My research investigates social perception and cognition with a strong focus on social context. I am particularly interested in intergroup influences on social perception and the consequences of such perceptions on downstream behavior and outcomes for both perceiver and target.

Facial Information in Social Judgments. I am interested in how facial information affects social perception, judgments and decision-making. The influence of facial information is strong and pervasive, and it can have disturbing consequences. For instance, people overgeneralize perceptions of trustworthiness to situations that should not necessitate trust. In one recent set of studies, I found that convicted murderers who look untrustworthy were more likely to be sentenced to death than murderers who look more trustworthy (Wilson & Rule, 2015). Strikingly, this occurred even among a set of innocent defendants who were convicted but later exonerated.

I have also found that people are more likely to punish untrustworthy-looking people in economic decision-making tasks. In this work, people are more likely to reject unfair offers from untrustworthy-looking partners in the Ultimatum bargaining game. In this work, facial information influences punishment even in the context of explicit behavioral information (Wilson, Chartier, & Rule, under review).

Racially Biased Perceptions of Physical Size and Formidability. In other recent research, I found that White perceivers give inflated estimates of the height and weight of Black male targets based on facial photographs, relative to White male targets of the same absolute physical size (Wilson, Hugenberg, & Rule, under review). Furthermore, I found that racially biased judgments of physical size and strength may play a role in perceptions of others’ capability for causing physical harm. Interestingly, even Black perceivers overestimated the physical size of Black targets relative to White, but the link between perceived size and harm capability was limited to White perceivers. These biased judgments of physical formidability ultimately predicted the extent to which people justify the hypothetical use of force. Critically, biased formidability perceptions were related both to bottom-up qualities of the face (i.e. Afrocentricity) as well as top-down racial information (i.e. labels on ambiguous bodies).

Own-Race Bias in Memory. In one line of work, I investigate the own-group bias in face memory. Ingroup members are typically recognized more accurately than outgroup members, and this seems to be driven at least in part by the extent to which ingroups are more likely to fulfill important social needs for the perceiver. Although people tend to show better memory for ingroup members than outgroup members, I have found that threats to the distinctiveness of one’s ingroup can result in diminished memory for Own-Race faces (Wilson & Hugenberg, 2010). I have also shown that memory for outgroup members is moderated by expectations about the frequency of interpersonal interactions with group members (Wilson, See, Bernstein, Hugenberg, & Chartier, 2014). I have also found that people tend to be betterat remembering untrustworthy-looking faces of both own- and other-race targets (Wilson & Rule, under review), although this may be moderated by the nature of the target group (Wilson & Rule, in prep). I have also made recommendations to policymakers regarding how to reduce other-race eyewitness misidentifications (Wilson, Bernstein, & Hugenberg, 2013).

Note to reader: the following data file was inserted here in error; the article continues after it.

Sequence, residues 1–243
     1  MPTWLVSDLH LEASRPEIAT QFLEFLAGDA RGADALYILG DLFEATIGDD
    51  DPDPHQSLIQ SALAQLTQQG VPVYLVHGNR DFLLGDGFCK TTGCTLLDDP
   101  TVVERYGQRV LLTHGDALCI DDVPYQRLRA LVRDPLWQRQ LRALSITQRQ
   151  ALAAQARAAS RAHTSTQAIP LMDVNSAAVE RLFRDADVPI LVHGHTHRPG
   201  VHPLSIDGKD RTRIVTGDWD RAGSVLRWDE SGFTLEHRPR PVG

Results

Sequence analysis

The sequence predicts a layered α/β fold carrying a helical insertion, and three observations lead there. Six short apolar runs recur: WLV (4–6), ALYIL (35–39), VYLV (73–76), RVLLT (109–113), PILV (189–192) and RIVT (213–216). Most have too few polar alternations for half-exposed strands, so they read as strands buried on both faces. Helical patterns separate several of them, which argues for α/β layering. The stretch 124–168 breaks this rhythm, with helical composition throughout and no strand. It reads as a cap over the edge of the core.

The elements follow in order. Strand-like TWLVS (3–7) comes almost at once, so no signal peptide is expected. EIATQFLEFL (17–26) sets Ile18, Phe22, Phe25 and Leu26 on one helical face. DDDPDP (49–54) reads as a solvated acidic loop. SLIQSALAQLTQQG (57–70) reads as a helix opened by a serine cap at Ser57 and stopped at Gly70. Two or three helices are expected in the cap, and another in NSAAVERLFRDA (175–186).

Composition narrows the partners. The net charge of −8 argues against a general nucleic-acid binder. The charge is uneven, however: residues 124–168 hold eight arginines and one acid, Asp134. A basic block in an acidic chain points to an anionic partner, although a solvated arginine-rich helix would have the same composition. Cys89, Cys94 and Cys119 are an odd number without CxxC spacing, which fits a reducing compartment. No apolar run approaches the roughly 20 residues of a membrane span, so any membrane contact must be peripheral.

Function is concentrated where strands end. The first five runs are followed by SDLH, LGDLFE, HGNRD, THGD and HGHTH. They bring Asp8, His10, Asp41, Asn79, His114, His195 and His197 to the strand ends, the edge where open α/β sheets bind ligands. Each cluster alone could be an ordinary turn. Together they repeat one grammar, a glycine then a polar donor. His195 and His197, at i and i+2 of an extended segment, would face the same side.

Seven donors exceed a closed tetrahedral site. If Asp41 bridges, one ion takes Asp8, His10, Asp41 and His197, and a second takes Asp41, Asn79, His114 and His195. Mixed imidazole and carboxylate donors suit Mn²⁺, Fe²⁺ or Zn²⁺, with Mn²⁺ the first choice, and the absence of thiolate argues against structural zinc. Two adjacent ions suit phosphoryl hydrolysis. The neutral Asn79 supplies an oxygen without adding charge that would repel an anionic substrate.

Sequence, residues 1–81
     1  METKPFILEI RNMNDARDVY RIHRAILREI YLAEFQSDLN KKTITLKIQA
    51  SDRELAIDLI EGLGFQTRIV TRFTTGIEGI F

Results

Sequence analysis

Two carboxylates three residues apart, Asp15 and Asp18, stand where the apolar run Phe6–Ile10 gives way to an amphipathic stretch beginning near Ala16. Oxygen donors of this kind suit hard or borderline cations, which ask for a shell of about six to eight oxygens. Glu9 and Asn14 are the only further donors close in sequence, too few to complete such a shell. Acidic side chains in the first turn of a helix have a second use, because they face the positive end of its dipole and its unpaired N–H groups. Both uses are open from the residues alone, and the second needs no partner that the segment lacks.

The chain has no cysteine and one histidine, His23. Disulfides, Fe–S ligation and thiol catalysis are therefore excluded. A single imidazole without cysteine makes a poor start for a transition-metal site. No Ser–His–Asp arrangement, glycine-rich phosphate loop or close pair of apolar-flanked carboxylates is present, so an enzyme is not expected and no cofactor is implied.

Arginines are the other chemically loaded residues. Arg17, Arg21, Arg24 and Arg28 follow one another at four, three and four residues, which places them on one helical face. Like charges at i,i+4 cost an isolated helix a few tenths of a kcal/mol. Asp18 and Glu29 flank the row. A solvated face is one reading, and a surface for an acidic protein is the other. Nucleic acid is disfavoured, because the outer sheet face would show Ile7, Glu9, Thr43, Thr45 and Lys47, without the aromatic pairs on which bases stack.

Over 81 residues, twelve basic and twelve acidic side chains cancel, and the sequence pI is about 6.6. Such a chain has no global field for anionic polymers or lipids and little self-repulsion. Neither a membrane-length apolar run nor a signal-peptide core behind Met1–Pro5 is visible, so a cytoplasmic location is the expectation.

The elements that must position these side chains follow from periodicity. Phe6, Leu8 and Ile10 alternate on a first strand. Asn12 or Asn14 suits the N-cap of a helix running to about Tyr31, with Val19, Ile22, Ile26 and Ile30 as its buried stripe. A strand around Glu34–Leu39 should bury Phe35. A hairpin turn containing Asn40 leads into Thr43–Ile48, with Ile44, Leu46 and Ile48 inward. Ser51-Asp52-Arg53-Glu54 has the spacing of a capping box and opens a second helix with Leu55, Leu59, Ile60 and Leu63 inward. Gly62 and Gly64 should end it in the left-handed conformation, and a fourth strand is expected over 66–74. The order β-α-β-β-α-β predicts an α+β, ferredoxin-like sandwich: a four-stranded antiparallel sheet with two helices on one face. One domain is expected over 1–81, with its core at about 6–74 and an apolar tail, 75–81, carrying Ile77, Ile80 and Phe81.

Perceptions of Political Candidates. In another line of work, I have investigated how perceptions of political candidates are moderated by perceiver identities. In one paper, I found that perceptions of political candidates’ party affiliations are moderated by perceivers’ political ideology, and that perceiver ideology also moderates trait inferences from facial information (Wilson & Rule, 2014). I also found that, although perceivers are better at predicting electoral outcomes from politicians’ faces if the politicians are from the same culture as perceivers, that biculturals’ ability to make such predictions is moderated by acculturation (Wilson & Rule, under review).